Wednesday, August 4, 2010

Kids Flocking for Free Meals

Here's something that's working well in Bristol: the summer breakfast and lunch program.
Thanks to a big push from the Bristol Community Organization (that's their logo to the left), the number of kids eating breakfast and lunch through the USDA program has skyrocketed this summer over last year's paltry figures.
Mostly, it seems it's due to moving the meals from inside O'Connell School on Park Street to the Rockwell Park pavillion. There's also been a real effort to raise awareness among kids and parents about the free meals.
I was over at the park the other day and it was positively teeming with kids of all sizes, playing on the playground, skating at the skatepark and swimming in the pool. Inside the pavillion, two nice women sat behind a couple of tables filled with sandwiches, fruit, fruit juice and milk. There's a decent assortment of sandwiches and the fruit was pears and nectarines that looked good. Kids can have a juice and a milk with their sandwiches and fruit.
The women, Elizabeth and Karen Welch (Karen is Elizabeth's mom) made sure to restock the food and drinks from a nearby cooler. They seemed to know a lot of the kids who came to eat, too.
Rockwell Park is considered an open site for the summer meals program. That means there's enough poverty in the neighborhood that everyone is qualified. No one needs to show any ID or register in advance. Just show up, kids, and chow down. It's really that simple.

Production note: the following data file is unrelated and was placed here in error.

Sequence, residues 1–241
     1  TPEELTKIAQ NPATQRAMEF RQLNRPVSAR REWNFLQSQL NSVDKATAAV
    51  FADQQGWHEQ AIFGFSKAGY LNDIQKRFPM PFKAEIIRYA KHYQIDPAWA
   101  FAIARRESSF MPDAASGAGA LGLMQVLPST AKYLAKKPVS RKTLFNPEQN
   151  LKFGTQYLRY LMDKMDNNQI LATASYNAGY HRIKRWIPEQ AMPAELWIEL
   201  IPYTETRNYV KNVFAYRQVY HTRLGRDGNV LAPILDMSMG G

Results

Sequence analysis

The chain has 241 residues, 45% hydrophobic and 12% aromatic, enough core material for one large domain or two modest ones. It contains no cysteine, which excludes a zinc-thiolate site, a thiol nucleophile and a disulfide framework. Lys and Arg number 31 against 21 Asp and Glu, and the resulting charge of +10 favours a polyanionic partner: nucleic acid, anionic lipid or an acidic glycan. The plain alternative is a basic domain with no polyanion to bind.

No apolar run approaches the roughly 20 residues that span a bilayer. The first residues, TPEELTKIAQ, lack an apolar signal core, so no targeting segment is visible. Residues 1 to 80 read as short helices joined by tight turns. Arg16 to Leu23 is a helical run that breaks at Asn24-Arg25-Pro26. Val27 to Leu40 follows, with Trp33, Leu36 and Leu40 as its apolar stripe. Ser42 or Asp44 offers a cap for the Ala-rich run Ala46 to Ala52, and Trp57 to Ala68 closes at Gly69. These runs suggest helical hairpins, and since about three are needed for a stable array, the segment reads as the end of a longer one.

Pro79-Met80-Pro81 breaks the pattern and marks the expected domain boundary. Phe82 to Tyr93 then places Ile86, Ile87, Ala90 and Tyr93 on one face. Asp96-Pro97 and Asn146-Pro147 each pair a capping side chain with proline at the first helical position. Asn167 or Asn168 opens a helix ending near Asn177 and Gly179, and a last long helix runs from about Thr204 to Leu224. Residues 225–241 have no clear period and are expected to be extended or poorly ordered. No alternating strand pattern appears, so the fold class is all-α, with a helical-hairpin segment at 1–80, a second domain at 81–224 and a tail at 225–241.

The food isn't for adults and it's to be eaten at the site, so there's not much room for abuse. This is giving healthy food to kids who are busy playing (and some are working) in the park. Kids need it to grow their bodies and their brains and to stay healthy and happy. (Ever notice how skipping a meal makes you cranky?)
These little dynamos need fuel to keep going and I'm really glad they've got it.
Another open site in town is at Cambridge Park, which is also showing an increase in participation this year.
For the record, BCO doesn't run the program anymore, but the organization has stayed involved out of an interest in keeping kids fed. Whitsons, a school food service company, does run it and BCO and End Hunger Connecticut!, a non-profit organization, worked to organize the sites and are doing what they can to get the word out.
I wrote about this for The Bristol Press ( but I don't think it's run yet.

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